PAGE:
The use of population genomics to identify targets of immune selection on parasites
Professor David Conway, London School of Hygiene and Tropical Medicine, UK
While the first human genome was still being sequenced, malaria parasite genomics was successfully argued as a high priority for funding to enable discovery of vaccine candidate antigens. This stimulated increased research on malaria, generating new understanding of cellular and molecular mechanisms of infection and immunity. I will explain how approaches in parasite population genomics are helping to identify antigens to be pursued as promising targets. By statistically analysing sequences of whole genomes from many different infections, it is possible to identify genes that appear to be subject to particular selective processes, indicating ways in which parasites interact with humans and mosquitoes. Usefully, it helps identify some of the important parasite antigen targets of immunity, as particular patterns of selection result from acquired immune responses in humans. We have tested some of these findings by looking at human antibodies to engineered recombinant antigens in laboratory experiments, to see whether they inhibit the parasite in culture or if they are associated with being protected against malaria in epidemiological studies, showing several antigens to be supported as potential candidate targets. Downstream of initial inferences, identification of the most promising antigens for a vaccine requires detailed functional analyses and multiple population-based studies, which will be well illustrated by the work of the other speakers.
Naturally acquired immunity to malaria: identifying targets, understanding mechanisms
Professor Faith Osier, KEMRI Wellcome Trust Research Programme, Kenya
The targets and mechanisms underlying naturally acquired immunity against the clinical consequences of Plasmodium falciparum malaria in humans are not well understood. Although passive transfer studies demonstrated the therapeutic effect of antibodies, the large number of proteins in the parasite proteome has made it difficult to distinguish antibodies that actually contribute to immunity from those merely related to parasite exposure. Compounding this has been the difficulty in producing large panels of natively refolded recombinant proteins for testing in immunological studies. Consequently, only a small proportion of the parasite proteome has been interrogated with regards to human immunity, and an even smaller proportion has been tested in clinical trials. Our studies indicate that there are potentially many more antigens that could contribute to human immunity, and that combinations of antibody responses to these antigens may be highly effective in protecting against malaria. We also demonstrate that the antibody-dependent phagocytosis of merozoites by monocytes closely mirrors the acquisition of immunity in African children and is strongly associated with a reduced risk of malaria. These studies will be extended to other locations in Africa experiencing varying malaria transmission intensity, tested in the context of controlled human challenge infections, and ultimately contribute to the development second-generation malaria vaccines.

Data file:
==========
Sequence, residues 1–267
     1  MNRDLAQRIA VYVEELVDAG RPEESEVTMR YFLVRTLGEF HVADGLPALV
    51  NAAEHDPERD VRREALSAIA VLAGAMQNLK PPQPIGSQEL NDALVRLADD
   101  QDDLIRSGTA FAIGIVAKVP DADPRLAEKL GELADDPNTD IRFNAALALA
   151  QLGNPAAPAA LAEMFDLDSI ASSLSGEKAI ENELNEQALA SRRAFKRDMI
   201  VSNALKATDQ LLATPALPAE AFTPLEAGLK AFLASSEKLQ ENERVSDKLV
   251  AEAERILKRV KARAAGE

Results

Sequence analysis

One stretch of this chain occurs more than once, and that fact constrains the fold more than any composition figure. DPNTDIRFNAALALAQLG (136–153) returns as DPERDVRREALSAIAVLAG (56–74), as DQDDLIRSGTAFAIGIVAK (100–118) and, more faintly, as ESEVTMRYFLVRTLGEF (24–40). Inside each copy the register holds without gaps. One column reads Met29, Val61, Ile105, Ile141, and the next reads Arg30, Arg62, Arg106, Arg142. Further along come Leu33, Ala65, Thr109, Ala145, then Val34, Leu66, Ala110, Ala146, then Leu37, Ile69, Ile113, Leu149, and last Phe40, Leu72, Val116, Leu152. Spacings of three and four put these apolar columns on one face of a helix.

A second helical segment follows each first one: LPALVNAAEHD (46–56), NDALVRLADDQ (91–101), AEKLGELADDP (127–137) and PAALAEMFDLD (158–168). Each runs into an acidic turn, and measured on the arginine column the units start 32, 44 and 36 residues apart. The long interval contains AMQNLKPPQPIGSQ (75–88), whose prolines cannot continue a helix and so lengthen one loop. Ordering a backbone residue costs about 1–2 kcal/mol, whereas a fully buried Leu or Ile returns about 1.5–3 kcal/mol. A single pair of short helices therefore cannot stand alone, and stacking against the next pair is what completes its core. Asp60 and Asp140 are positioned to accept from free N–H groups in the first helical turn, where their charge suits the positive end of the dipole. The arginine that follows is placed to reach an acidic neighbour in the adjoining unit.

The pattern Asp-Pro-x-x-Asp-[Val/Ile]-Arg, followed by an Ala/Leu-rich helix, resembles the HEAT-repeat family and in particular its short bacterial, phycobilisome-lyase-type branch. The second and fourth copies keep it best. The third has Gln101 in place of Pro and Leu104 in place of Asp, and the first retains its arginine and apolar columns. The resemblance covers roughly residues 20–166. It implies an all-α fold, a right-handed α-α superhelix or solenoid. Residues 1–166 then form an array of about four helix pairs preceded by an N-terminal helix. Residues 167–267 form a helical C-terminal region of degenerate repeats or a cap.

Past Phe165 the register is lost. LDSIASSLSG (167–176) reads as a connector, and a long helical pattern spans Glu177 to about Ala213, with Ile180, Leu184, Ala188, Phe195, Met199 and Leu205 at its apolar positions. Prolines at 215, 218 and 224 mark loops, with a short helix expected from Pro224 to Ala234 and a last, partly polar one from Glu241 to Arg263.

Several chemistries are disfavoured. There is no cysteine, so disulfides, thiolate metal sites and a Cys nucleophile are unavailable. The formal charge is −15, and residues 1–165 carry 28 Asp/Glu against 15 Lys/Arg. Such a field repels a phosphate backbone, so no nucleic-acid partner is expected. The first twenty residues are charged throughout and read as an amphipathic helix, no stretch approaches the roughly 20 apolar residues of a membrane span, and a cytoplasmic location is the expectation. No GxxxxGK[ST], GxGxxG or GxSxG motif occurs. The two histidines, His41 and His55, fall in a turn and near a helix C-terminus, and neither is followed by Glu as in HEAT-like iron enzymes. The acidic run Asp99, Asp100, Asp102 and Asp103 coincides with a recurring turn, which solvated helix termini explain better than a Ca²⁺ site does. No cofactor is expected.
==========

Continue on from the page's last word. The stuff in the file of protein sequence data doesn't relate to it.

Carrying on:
New molecular and cellular approaches to understanding erythrocyte invasion by malaria parasites
Dr Julian Rayner, Wellcome Trust Sanger Institute, UK
Plasmodium parasites have complex life cycles, but all the symptoms and pathology of malaria occurs during the erythrocytic phase. During this phase Plasmodium parasites recognise and invade human erythrocytes, where they become shielded from the immune system and use haemoglobin as a source of food to fuel their replication. The process of erythrocyte invasion is therefore critical for parasite survival and malaria pathology. In P. falciparum, the species that causes almost all human malaria mortality, recognition can occur through multiple redundant cell surface protein-protein interactions. Recognition is followed by an active entry process, driven by an actin-myosin motor anchored to the parasite cytoskeleton. The morphological outlines of erythrocyte invasion have been known for several decades, but the molecular details are still being elucidated. In particular, while many P. falciparum proteins have been identified as being involved in erythrocyte recognition and invasion, in the majority of cases we do not know the receptors that they bind to. In collaboration with Dr Gavin Wright at the Wellcome Trust Sanger Institute we have been applying new protein-protein interaction screening approaches to identify new interactions involved in invasion. We are now coupling these approaches with advanced microscopy technologies, including using laser tweezers to measure the force of interaction between erythrocytes and parasites. These approaches are helping to identify and prioritise new vaccine candidates, and feed directly into Dr Faith Osier’s work on understanding natural acquired immunity to malaria.